Cognitive Dissonance Theory After 70 Years
Some common misunderstandings.
Posted Jul 03, 2019
I feel a bit of dissonance over writing this post.
My newly edited book on dissonance, Cognitive Dissonance: Re-examining a Pivotal Theory in Psychology, is an update of the book Jud Mills and I edited in 1999. The publisher, the American Psychological Association, requested that I do a second edition, because the first was out of print, and it had sold well. Unfortunately, Jud passed away about 10 years ago, so this new book was done without his expert collaboration.
So, why do I feel dissonance over writing a post promoting this new book? I guess it’s because my parents taught me to not act in a self-promoting way. I still value not acting in a self-promoting way, so I feel dissonance about promoting my new book. I will say more about this later.
The theory of cognitive dissonance was originally presented by Festinger at a very abstract level, and as such, it applies to a wide range of psychological situations. The new book reviews all the ways in which dissonance theory has been extended, from mathematical models to neuroscience and beyond.
In this post, I’ll address some of the most common misunderstandings of the theory. I hope to continue this discussion in future posts.
In my mind, the most common misunderstanding of dissonance theory is that it applies only to situations in which individuals say (or write) something counter to what they believe or value. I often see both psychology textbooks and reviewers of scholarly manuscripts making this claim.
I suspect this misunderstanding results in part from the fact that the majority of highly cited research on the theory used the forced compliance (or induced compliance) paradigm, which is based on the classic experiment by Festinger and Carlsmith (1959). In it, participants were paid $1 or $20 to “lie” to the next participant and say that boring tasks are in fact interesting. This paradigm is also referred to as the counter-attitudinal paradigm.
In this paradigm, participants are provided with few or many reasons for stating something that they do not believe or value, and participants who make the statement and are given few reasons for doing so often change their attitudes to be more consistent with their statement. The “reasons” have typically been operationalized by giving participants different amounts of money or perceived choice. So, for example, participants in Festinger and Carlsmith (1959) were paid either $1 or $20 to make the counter-attitudinal statement. Participants in Harmon-Jones et al. (1996) were given the sense that they chose or did not choose to make the counter-attitudinal statement. That is, in the perceived high choice condition, participants were subtly induced to write the statement, but reminded that it was their choice to do so, whereas participants in the perceived low choice condition were told that they were randomly assigned to write the statement.
Both of these types of manipulations vary the number of consonant cognitions for engaging in counter-attitudinal behavior. You have fewer consonant cognitions for engaging in the behavior when you are paid less money or subtly induced by the experiment to make the statement.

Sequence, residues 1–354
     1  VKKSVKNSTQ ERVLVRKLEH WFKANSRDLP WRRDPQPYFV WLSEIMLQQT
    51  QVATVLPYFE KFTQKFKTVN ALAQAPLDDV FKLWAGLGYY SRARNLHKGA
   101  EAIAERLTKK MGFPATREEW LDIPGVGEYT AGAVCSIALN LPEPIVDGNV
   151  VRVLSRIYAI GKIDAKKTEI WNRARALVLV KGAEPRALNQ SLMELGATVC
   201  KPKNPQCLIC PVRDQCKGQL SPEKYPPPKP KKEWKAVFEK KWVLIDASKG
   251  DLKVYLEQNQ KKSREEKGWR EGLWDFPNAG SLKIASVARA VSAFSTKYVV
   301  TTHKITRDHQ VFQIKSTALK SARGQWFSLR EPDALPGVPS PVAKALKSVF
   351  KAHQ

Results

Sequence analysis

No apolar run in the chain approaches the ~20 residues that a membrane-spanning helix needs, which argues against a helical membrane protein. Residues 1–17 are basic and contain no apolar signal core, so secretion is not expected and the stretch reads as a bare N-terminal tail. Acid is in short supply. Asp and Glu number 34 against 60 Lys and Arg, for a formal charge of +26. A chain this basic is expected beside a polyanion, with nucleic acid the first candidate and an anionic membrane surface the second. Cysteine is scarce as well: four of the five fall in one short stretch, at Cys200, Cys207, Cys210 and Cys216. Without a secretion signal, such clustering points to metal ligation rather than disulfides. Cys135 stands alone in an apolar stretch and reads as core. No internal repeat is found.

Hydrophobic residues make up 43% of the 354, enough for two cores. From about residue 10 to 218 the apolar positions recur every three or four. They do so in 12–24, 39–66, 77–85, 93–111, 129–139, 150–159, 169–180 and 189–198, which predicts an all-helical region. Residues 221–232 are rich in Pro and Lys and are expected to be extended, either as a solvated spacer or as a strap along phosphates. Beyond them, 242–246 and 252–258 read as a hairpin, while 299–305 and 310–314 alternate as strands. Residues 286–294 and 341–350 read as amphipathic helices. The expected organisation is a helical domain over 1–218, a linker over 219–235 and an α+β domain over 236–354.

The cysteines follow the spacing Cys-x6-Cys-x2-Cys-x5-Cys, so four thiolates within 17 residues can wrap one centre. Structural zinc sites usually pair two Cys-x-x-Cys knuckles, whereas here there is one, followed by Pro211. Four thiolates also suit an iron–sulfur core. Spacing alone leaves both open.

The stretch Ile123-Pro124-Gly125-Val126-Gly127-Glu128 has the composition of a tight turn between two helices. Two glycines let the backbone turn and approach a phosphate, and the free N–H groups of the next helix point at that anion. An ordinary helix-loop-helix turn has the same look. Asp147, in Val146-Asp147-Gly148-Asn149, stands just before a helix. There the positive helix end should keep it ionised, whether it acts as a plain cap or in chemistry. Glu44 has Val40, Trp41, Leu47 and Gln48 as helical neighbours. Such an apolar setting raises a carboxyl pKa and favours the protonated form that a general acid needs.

But dissonance occurs in several other ways. Dissonance results from making difficult decisions, being exposed to information that challenges your views, and from engaging in unpleasant effort. Research testing the theory has used each of these types of situations, although these situations have been used less often than the forced compliance paradigm.
Another common misconception about the theory is that dissonance must be reduced. That is, after persons engage in counter-attitudinal behavior (for few reasons), they must change their attitudes to be more consistent with their recent behavior. Again, I suspect part of the reason for this misconception is that the majority of published research has focused on this outcome of attitude change. But individuals can reduce dissonance in a wide variety of ways, or they can experience dissonance and never reduce it. I, for example, still feel dissonance over writing this blog post promoting my new edited book. I do hope you will read it, and if you have any suggestions for how I should go about reducing dissonance, please share them.
The new edition of Cognitive Dissonance: Re-examining a Pivotal Theory in Psychology contains 12 chapters and three appendices. Six chapters are new to this book; two are reprints of chapters published in the 1999 edition; and four are revisions of chapters published in the earlier edition. The appendices are reprinted from the 1999 book. One contains Leon Festinger’s (1954) first “Very Preliminary and Highly Tentative Draft” on dissonance theory (which had never been published prior to 1999). One contains the transcript from Leon Festinger’s (1987) last public speech about dissonance theory. And the final one contains Jud Mills’s historical note on the classic Festinger and Carlsmith (1959) forced compliance experiment, in which he corrects some misconceptions.
Festinger, L., & Carlsmith, J. M. (1959). Cognitive consequences of forced compliance. The Journal of Abnormal and Social Psychology, 58(2), 203-210.
Harmon-Jones, E., Brehm, J. W., Greenberg, J., Simon, L., & Nelson, D. E. (1996). Evidence that the production of aversive consequences is not necessary to create cognitive dissonance. Journal of Personality and Social Psychology, 70(1), 5-16.